WILMINGTON – Dozens of downtown Wilmington law firms and more than 200 firms statewide obtained federal loans to help them keep their doors open amid the impact of the COVID-19 pandemic that closed courthouses and ...
WILMINGTON - Dozens of downtown Wilmington law firms and more than 200 firms statewide obtained federal loans to help them keep their doors open amid the impact of the COVID-19 pandemic that closed courthouses and slowed filings.Topping the list of firms was Wilmington’sMorris James, Potter Anderson, andMaron Marvel, each of which secured at least $2 million in loan proceeds through the U.S. Small Business Administration’s Paycheck Protection Program (PPP),according to newly released data. They were named among the more than 2,000 Delaware recipients of the SBA-backed loans that received between $150,000 and $10 million, the PPP’s max limit.The SBA released the redacted PPP data July 6 after being sued by media companies that argued that it was defying the Freedom of Information Act by declining to make the info available. The loan program was perhaps the Trump administration’s most prominent response to the economic havoc wrought by the COVID-19 pandemic. It allowed companies to apply for forgivable loans worth up to eight weeks of payroll costs.
[caption id="attachment_200991" align="alignleft" width="696"] 37 Delaware companies said they'd retain 250+ jobs with their PPP loans -- DBT graphic[/caption]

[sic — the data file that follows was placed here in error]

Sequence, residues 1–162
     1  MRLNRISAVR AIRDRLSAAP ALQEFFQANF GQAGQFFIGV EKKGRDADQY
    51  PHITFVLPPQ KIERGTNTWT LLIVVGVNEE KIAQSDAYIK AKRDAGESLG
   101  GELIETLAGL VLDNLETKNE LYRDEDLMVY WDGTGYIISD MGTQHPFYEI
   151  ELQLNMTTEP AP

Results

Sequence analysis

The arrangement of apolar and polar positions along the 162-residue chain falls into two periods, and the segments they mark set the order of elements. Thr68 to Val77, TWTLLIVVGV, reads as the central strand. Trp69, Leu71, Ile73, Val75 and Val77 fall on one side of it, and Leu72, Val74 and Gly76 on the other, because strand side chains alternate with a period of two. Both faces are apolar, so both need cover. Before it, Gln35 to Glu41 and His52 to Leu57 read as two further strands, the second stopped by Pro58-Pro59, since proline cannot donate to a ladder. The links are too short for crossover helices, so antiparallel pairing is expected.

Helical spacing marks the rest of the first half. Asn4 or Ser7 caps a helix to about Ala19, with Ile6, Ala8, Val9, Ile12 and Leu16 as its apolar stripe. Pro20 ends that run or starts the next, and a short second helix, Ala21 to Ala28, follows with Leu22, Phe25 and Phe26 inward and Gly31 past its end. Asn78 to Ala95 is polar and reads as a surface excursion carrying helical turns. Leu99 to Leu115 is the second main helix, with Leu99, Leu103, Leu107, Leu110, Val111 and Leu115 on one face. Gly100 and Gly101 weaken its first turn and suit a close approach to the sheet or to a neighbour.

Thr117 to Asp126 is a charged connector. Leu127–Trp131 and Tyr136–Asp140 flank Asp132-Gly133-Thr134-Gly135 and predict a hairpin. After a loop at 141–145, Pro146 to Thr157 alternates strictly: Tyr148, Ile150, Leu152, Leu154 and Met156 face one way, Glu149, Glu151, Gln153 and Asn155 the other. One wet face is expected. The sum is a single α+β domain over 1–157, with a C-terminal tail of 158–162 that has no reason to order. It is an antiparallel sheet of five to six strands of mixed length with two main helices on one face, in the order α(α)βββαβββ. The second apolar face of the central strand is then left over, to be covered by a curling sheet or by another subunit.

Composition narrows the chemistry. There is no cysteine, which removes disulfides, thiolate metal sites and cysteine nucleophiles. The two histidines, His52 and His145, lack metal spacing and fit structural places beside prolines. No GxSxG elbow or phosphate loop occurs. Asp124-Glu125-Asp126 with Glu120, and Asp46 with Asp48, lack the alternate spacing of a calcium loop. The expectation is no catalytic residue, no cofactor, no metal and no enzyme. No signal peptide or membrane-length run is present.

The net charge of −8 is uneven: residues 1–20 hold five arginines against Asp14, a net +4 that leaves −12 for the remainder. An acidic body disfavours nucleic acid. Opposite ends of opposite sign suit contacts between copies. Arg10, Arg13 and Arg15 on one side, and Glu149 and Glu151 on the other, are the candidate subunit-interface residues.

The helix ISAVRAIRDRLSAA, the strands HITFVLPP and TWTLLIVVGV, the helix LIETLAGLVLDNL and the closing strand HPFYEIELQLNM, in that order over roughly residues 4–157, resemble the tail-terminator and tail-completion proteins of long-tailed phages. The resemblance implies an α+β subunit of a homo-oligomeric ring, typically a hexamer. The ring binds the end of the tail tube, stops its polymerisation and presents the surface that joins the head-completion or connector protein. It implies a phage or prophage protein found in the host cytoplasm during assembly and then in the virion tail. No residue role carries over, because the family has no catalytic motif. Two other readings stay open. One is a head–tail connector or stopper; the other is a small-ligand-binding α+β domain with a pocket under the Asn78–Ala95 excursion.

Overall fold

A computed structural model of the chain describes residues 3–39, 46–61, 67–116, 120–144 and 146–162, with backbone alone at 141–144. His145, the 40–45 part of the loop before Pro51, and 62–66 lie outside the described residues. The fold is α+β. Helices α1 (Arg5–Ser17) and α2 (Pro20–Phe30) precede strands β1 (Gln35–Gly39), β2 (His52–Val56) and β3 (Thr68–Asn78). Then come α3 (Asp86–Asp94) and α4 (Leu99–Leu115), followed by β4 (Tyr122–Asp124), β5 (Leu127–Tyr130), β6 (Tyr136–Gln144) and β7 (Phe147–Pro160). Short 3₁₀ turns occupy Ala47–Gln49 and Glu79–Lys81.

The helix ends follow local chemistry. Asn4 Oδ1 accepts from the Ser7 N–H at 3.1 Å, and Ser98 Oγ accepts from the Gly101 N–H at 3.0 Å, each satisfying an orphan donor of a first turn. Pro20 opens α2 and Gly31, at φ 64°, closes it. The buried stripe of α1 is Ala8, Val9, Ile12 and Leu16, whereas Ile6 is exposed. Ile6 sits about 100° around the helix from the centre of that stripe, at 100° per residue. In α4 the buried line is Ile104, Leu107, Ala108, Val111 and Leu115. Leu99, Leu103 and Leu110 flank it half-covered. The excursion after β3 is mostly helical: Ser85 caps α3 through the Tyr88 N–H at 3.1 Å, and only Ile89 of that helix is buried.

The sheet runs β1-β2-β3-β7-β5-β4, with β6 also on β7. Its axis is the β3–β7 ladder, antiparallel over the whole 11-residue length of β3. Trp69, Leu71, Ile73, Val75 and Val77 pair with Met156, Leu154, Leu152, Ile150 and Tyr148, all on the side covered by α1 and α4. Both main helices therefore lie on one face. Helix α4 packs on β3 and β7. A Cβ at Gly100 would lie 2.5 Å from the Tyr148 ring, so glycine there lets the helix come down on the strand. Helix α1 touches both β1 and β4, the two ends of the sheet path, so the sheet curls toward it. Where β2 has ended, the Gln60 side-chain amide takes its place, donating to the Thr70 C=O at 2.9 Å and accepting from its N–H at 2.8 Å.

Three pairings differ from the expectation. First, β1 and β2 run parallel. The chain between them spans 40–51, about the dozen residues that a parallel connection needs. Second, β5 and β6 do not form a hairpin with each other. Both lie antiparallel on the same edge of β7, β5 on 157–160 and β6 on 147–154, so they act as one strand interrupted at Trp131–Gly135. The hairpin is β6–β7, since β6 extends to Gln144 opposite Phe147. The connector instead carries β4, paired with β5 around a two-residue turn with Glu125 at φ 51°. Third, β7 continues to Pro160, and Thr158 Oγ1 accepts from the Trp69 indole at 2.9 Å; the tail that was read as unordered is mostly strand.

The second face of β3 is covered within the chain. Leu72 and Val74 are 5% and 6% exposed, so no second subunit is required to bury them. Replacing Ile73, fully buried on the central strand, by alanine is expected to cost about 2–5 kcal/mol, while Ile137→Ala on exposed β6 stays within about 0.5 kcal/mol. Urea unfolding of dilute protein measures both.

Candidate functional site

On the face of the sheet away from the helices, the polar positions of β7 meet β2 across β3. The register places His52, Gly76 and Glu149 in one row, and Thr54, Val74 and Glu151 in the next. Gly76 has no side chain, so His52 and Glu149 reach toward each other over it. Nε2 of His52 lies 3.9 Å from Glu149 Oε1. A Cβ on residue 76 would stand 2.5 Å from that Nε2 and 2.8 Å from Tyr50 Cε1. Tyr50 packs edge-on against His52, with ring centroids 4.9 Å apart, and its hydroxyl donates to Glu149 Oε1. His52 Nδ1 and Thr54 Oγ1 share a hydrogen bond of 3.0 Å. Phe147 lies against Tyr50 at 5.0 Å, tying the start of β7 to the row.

The most-detailed data identifies 660,000 small businesses and nonprofits organizations nationwide that received at least $150,000 in funding since the program’s launch in early April as well as the number of jobs supported by the loan. It did not include each loan’s value, but instead provided a range.Delaware has long had a thriving legal scene, due in no small part to its renowned Court of Chancery and highly trafficked federal bankruptcy court. The industry supports thousands of lawyers in downtown Wilmington. The arrival of the COVID-19 virus, however, caused the judiciary of the state’s court system to close courtrooms to lawyers and the public alike on March 23 to try to stem the tide of the virus. For weeks, lawyers were limited to videoconferencing to handle motionsOn June 8, the judiciary began to reopen courts to lawyers in a phased approach with a heightened focus on social distancing. Two weeks later, it entered Phase 2 of its plan, which allowed non-jury trials to begin again.Chief Justice C.J. Seitz announced this week that Phase 3, which allows jury trials to begin again and would therefore dramatically increase the number of people in courthouses, would be delayed due to a recent spike in COVID-19 cases.“Given the continuing uncertainty about the progress of the virus in Delaware and around the country, we will continue for at least another month, and probably longer, under Phase 2 of our reopening plan to reduce the risk of exposure to our employees, attorneys, litigants and the public at large at court facilities,” he wrote in announcing his decision.To weather the pandemic’s impact, firms in Delaware and around the region have been cutting costs, including furloughing lawyers, enacting temporary salary reductions, changing summer associate programs, and delaying starting dates for first-year lawyers.The PPP loans provided a bridge fund of sorts for many firms, allowing them to cover payroll costs at a time when billable hours were slower to materialize amid widespread office and court closures. Most of the firms that reported an approval date received the money in early April.“Our firm is a grateful recipient of PPP funds, which allowed us to preserve nearly 200 jobs, thereby protecting our employees and ensuring that we could continue to serve our clients uninterrupted. The funds were used in accordance with the program’s guidelines to pay salaries, rent and associated costs,” said Paul Bradley, managing member of Maron Marvel’s Wilmington office.While Morris James and Potter Anderson, the fourth and fifth largest Delaware firms by size, were listed among the loan recipients, other big names in the state were noticeably absent. The state’s largest firm, Richards Layton, did not receive a loan, nor did other Top 10-size firms like Young Conaway, Morris Nichols, Skadden Arps, Grant & Eisenhofer, or McCarter & English.Other big-name firms that did receive funds include Bayard PA and Ashby & Geddes PA, both of which obtained at least $1 million. Twenty firms received at least $350,000, including Connolly Gallagher, Cooch and Taylor, and more.A small number of legal services companies also obtained loans, such as the Community Legal Aid Society and the Legal Services Corporation of Delaware, both of which serve low-income clients. They received at least $1 million and $150,000, respectively.In total, 56 Delaware law firms or legal services companies received PPP loans of $150,000 or more, which protected at least 1,621 jobs. In the unidentified smaller recipients under $150,000, 174 law firms or legal services companies received a total of more than $8.3 million, protecting an additional 521 jobs.WSFS Bank led the way in processing the larger loans, completing half of the 56, as well as 26 of the smaller unidentified loans. M&T Bank ranked second, with nine of the larger loans and 54 smaller loans.By Jacob Owensjowens@delawarebusinesstimes.com